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Biden's National Security adviser says US had "duty to warn" Russia of Moscow attack


We are tracking the latest on that attack on a Moscow concert hall. It happened last Friday. Some 140 people were killed. And a group called ISIS-K is claiming responsibility. Well, here's another fact. Russian authorities knew something like this might be in the works. Among other ways they might have been alerted, the U.S. government had intelligence about a planned terrorist attack in Moscow and one that was potentially targeting large gatherings, including concerts. And the U.S. shared that intelligence with Moscow earlier this month. John Kirby is the president's national security communications advisor. We have reached him at the White House. John Kirby, welcome.

JOHN KIRBY: Thank you so much, Mary Louise. Good to be with you.

KELLY: Can you share what prompted this warning to Moscow or how it was communicated?

KIRBY: What I can share with you - that we have a duty to warn to other nations when we have credible intelligence that lets us know or makes us believe that innocent civilians are going to be harmed in some way. And so given that rubric, given that obligation, which we take seriously, and given the intelligence that we had accrued about a potential terrorist attack very similar to the one that occurred, we did reach out to Russian officials.

KELLY: Was this done CIA to its Russian counterpart, SVR, or was this through diplomatic channel?

KIRBY: I'm going to protect the channels. I'm going to protect the channels. But we did - in keeping with our obligation duty to warn - we did provide them information.

KELLY: I want to hear more about - this is an actual policy, duty to warn. And it...

KIRBY: Duty to warn, yeah.

KELLY: ...Extends to other countries that the U.S. would consider adversaries as well, countries like...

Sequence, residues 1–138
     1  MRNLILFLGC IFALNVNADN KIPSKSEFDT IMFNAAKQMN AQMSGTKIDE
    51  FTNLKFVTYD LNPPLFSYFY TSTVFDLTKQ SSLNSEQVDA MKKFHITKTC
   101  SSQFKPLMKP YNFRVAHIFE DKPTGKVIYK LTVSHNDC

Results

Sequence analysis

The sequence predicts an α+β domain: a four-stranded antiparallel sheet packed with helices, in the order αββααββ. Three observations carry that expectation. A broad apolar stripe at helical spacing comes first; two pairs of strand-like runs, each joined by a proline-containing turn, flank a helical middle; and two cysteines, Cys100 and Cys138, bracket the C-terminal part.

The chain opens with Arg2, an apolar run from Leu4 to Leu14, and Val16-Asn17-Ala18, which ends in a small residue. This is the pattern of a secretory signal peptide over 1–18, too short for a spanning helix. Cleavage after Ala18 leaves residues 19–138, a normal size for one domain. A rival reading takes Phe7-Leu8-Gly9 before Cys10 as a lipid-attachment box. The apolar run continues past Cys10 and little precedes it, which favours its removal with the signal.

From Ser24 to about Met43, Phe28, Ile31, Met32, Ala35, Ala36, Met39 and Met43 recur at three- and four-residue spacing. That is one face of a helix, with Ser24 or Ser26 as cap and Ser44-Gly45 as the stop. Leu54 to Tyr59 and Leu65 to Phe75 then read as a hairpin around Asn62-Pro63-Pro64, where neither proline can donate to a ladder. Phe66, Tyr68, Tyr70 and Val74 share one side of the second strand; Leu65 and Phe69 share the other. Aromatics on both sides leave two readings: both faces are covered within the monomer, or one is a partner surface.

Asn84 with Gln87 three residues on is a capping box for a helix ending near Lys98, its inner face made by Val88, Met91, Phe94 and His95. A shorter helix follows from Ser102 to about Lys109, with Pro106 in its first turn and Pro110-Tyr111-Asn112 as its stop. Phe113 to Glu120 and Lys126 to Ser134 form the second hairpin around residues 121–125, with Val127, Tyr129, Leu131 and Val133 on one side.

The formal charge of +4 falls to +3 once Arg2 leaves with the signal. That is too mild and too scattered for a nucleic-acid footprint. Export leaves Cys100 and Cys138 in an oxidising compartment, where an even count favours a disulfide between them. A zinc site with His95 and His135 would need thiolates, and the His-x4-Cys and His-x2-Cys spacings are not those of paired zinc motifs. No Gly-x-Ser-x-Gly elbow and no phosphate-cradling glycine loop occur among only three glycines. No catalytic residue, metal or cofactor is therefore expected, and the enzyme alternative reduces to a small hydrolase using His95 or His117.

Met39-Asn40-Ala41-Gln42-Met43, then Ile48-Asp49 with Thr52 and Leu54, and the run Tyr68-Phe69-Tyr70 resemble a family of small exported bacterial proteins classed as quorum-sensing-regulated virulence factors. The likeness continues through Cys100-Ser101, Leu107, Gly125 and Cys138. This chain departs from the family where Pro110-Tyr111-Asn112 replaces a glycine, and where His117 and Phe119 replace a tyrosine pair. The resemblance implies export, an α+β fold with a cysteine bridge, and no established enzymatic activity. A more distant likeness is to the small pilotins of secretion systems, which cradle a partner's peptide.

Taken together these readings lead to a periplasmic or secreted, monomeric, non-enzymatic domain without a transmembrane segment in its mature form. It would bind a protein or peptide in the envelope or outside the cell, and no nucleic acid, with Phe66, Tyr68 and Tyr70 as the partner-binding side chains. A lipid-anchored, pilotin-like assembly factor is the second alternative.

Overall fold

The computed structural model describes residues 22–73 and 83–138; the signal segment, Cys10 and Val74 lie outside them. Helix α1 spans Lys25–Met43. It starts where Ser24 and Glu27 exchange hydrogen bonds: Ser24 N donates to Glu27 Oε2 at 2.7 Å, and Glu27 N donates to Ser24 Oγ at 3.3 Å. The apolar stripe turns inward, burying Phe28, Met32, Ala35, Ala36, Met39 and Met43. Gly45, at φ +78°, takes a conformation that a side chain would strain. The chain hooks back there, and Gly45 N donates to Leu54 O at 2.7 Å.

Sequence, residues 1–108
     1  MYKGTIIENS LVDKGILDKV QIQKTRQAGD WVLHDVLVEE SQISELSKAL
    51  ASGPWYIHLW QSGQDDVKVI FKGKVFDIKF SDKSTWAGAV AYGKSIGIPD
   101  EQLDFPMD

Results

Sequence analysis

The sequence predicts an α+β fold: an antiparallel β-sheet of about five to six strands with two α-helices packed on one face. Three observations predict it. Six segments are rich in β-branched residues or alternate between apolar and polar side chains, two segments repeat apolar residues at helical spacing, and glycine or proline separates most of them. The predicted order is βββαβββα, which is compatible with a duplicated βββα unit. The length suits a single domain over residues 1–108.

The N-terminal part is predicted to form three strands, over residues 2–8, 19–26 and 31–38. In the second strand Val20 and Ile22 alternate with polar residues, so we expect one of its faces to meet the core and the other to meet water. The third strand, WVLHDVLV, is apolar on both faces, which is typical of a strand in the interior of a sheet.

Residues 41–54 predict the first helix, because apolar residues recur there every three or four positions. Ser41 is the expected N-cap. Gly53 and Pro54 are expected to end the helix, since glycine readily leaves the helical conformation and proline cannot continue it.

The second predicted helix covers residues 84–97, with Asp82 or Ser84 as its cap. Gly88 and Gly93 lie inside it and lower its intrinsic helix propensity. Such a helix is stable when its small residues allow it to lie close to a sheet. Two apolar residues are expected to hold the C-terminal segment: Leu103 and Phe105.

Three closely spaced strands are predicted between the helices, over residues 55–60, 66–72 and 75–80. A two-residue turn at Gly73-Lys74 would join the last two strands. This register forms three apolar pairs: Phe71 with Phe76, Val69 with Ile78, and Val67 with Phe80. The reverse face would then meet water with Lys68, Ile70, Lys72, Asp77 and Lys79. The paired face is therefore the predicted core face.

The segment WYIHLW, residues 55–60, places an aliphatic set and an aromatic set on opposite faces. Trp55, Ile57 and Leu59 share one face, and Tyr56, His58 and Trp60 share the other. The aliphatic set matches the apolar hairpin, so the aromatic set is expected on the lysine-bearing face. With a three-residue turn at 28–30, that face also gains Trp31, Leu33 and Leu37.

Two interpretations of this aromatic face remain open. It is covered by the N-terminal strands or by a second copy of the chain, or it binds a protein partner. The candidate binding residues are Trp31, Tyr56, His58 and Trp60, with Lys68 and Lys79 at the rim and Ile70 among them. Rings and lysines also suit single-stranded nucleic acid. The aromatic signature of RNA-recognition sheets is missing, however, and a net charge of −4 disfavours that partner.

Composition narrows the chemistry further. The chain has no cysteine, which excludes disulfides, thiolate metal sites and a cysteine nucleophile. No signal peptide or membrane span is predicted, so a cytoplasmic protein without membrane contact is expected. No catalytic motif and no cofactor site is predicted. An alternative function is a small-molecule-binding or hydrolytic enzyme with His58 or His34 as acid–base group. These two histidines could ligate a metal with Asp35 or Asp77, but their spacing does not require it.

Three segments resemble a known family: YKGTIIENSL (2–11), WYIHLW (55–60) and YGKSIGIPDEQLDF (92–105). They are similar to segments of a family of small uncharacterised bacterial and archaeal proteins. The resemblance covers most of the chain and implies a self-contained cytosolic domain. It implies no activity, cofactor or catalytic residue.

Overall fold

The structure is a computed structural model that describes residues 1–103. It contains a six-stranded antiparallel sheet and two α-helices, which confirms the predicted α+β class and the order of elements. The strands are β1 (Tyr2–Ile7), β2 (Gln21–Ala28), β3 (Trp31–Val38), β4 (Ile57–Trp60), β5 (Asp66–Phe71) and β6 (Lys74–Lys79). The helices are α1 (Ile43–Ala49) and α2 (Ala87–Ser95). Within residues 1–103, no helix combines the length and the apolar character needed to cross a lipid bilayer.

KIRBY: Of course.

KELLY: ...Iran?


KELLY: How's it work?

KIRBY: Yes. In fact, we've done it with the Iranians. You might remember there was a significant terrorist attack there just a couple of months ago. We gave them a heads up as well. When we have intelligence that we believe is credible, and certainly there's a sense of urgency to it, and that we think innocent civilians are going to be harmed as a result of the threat that we receive, we reach out through the appropriate channels to let that other country know. Sometimes it's a country where we have diplomatic relations, like in Russia, and so we have existing vehicles to have those conversations. In some cases, like Iran, where we don't have diplomatic relations, we find other ways to get the word to them in a credible way, and we share with them as much as we can.

KELLY: Is it a two-way street? Does Russia continue to share actionable intelligence with us?

KIRBY: I can't speak for other nations and what they warn us about or don't. I can just tell you that it's an obligation we take very seriously.

KELLY: In this case, the response from Russia was what?

KIRBY: Well, I'd let the Russians speak to that. I mean, they acknowledge the receipt of the information we provided. But to what degree they acted on it or changed anything as a result, I couldn't speak to you. That would be up to the Russian government to talk about.

KELLY: I mean, Vladimir Putin gave a speech last week and blasted the warnings as provocative.